For most people their perfume choices are split into warm-weather and cold-weather fragrances. A perfume dork like me has to create more categories than that. One part of the year I look forward to is what I call “shoulder season”. This comprises the transition between summer-fall and winter-spring. More practically it means days which start out cool become pleasantly warm at midday to return to cool after sunset. I have a group of perfumes which have a dynamic evolution on my skin which makes them ideal shoulder season perfumes. One of those is Jardins D’Ecrivains Orlando.
In 2013 Anais Biguine debuted her new brand Jardins D’Ecrivains, garden of writers, with five singular perfumes based on famous authors, or their works. The original debut collection of five is exceptional in the way Mme Biguine successfully realized her vision. This wasn’t a brand which played it safe as each fragrance had a few twists and turns to them which made them stand out. Orlando was perhaps the twistiest of the original releases.
Based on the novel by Virginia Woolf and further made familiar by the 1992 movie starring Tilda Swinton it tells a story of gender roles. Elizabethan Lord Orlando falls asleep only to wake up as Lady Orlando a century later. Book and movie have lots to say about the fluidity of gender which seems particularly apt today. Mme Biguine produced a perfume which captures her subject matter in three accords.
The top accord is a vibrant concoction of ginger, baie rose, and orange. This is an unsettled opening much like the protagonist it is meant to portray. The perfume leans into its inspiration as each ingredient pinballs off the other not finding a harmony. It is something I find unusually beautiful when I wear Orlando. The heart is amber and patchouli containing a touch of clove which represents our Elizabethan Lord in act two. The final act of lighter woods transforms it into something more contemporary with gaiac, musk, and peru balsam. As our heroine wakes up in a new time.
Orlando has 14-16 hour longevity and average sillage.
Orlando is a bit of an acquired taste, but it is my favorite of the Jardins D’Ecrivains perfumes. Especially in my shoulder season. If Orlando sounds a bit too challenging for you there are others within the collection worth exploring that are less experimental. In any case this is a brand that deserves to be on any perfume fan’s radar.
Disclosure: This review is based on a bottle I purchased.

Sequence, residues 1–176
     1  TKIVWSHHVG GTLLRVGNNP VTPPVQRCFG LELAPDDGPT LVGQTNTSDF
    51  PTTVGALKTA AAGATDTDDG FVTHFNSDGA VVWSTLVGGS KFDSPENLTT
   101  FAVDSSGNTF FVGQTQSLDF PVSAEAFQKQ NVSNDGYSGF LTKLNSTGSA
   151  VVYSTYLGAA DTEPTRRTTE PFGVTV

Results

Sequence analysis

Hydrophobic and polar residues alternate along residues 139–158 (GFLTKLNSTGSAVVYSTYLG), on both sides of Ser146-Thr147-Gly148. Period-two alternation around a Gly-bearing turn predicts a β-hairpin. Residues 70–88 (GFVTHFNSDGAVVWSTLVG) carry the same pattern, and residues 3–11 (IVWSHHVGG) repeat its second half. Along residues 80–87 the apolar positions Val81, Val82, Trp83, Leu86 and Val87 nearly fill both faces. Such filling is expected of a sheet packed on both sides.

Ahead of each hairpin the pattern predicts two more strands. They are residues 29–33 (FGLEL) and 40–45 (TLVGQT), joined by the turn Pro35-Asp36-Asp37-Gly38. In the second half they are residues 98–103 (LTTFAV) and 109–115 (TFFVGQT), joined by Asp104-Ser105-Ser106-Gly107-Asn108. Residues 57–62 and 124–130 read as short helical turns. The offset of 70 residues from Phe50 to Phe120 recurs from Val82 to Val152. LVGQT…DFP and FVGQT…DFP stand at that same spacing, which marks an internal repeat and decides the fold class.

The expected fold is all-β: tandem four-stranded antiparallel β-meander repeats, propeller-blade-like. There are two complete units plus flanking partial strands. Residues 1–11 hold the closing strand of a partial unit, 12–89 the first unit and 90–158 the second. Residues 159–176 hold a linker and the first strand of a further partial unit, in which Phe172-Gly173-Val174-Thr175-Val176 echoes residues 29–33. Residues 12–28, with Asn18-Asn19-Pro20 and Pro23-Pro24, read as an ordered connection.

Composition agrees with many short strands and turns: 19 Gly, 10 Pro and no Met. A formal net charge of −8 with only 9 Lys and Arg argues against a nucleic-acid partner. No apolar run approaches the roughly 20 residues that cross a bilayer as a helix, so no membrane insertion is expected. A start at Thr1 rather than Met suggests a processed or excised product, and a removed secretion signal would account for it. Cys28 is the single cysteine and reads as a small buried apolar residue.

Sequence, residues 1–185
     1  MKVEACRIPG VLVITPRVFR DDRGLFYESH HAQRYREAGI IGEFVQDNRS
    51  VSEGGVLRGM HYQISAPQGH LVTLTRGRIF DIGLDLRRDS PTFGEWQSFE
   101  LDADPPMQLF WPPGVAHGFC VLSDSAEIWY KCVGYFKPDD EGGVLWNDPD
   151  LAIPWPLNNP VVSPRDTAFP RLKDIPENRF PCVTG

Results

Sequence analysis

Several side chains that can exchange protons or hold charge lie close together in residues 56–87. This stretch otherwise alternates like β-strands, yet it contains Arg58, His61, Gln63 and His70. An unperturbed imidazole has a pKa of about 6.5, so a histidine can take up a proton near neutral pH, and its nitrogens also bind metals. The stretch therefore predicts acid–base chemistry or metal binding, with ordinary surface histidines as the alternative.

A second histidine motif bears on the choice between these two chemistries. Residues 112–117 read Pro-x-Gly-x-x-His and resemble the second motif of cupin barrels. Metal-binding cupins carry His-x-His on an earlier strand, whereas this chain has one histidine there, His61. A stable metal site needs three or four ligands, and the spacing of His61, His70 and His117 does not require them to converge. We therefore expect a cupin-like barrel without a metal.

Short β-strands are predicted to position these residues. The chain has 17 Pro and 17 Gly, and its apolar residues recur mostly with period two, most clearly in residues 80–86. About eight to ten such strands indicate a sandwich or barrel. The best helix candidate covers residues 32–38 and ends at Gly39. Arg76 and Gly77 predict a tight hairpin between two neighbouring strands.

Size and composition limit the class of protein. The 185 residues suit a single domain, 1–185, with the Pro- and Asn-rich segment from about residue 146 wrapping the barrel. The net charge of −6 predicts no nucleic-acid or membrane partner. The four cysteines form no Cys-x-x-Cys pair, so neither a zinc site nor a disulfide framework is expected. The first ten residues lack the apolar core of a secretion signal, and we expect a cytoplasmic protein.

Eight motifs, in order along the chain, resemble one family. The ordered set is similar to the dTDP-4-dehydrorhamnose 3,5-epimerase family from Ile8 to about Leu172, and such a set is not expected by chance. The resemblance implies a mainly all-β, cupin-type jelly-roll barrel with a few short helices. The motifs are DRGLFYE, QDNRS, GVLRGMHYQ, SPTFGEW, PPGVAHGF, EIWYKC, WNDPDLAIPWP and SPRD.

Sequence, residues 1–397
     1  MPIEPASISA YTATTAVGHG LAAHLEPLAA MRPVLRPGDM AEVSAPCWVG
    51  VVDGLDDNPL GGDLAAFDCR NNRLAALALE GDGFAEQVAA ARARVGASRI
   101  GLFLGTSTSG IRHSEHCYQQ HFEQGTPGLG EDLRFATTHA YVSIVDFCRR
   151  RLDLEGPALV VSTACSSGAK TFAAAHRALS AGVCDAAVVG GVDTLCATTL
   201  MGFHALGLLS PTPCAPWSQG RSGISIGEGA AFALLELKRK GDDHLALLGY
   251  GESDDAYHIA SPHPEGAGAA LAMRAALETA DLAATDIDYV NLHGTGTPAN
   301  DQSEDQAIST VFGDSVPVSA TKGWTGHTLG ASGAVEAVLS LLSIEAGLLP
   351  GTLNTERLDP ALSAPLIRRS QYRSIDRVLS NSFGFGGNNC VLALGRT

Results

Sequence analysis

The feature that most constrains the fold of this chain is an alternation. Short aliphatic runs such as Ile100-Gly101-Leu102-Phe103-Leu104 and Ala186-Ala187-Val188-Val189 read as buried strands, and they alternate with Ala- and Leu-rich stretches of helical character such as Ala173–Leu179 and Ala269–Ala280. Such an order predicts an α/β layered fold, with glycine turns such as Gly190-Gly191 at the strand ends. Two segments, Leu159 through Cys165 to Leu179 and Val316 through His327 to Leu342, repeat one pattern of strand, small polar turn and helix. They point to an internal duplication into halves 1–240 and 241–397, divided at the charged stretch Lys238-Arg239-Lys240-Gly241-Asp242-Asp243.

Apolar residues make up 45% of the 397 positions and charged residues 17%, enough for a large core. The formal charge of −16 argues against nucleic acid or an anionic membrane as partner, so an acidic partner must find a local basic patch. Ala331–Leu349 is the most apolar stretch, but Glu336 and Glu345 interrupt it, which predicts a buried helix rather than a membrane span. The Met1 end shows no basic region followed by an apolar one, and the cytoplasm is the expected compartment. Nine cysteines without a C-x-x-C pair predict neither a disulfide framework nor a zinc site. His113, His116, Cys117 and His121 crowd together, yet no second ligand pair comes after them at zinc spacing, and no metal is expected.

There are times when the name of a perfume describes what is in the bottle perfectly. This is the case with Masque Milano Kintsugi. Kintsugi is the Japanese art form where broken pottery is repaired with lacquer infused with precious metals. It takes something which was ruined and reconstructs it with valuable materials making for an improvement. If there was an analogous effort to be made in perfumery it would be in having a chypre without oak moss. Could a creative team reconstruct chypre using unique materials to bring new life to the form?
Riccardo Tedeschi (l.) and Alessandro Brun
If I was asked which creative teams I would like to see take this on, surely one of my top answers would be Alessandro Brun and Riccardo Tedeschi of Masque Milano. They have been one of the top creative directors in all of fragrance especially over the last few years. They mix an unapologetic willingness to take risks while using young rising perfumers who also want to push at the boundaries. For Kintsugi that ascending star is perfumer Vanina Muracciole. What they have achieved is to take the wreckage which is oak moss-free chypre and put it back together with unique materials for a completely modern chypre.
It starts off in the depths of creamy magnolia and powdery Rose de Mai. This forms a rim of the bowl etched with these flowers intertwined. It transitions through an ambery suede accord in the heart. This provides the canvas upon which to assemble the pieces for a nouveau chypre. The heart of the accord will be the heart fraction of patchouli. This is the concentrated earthiness of this well-known ingredient. It has become a favorite fraction because of the feeling of putting my nose in the dirt and inhaling. Mme Muracciole then uses violet leaves and raspberry leaves to add back the greener facets of the patchouli while adding in a shimmer of metal and hint of leather, respectively, to elongate the leather in the heart through to the base. Ambrinol adds the briny muskiness of an ambergris substitute. Benzoin provides the bite of a good chypre accord while a touch of vanilla smooths it all out.
Kintsugi has 12-14 hour longevity and average sillage.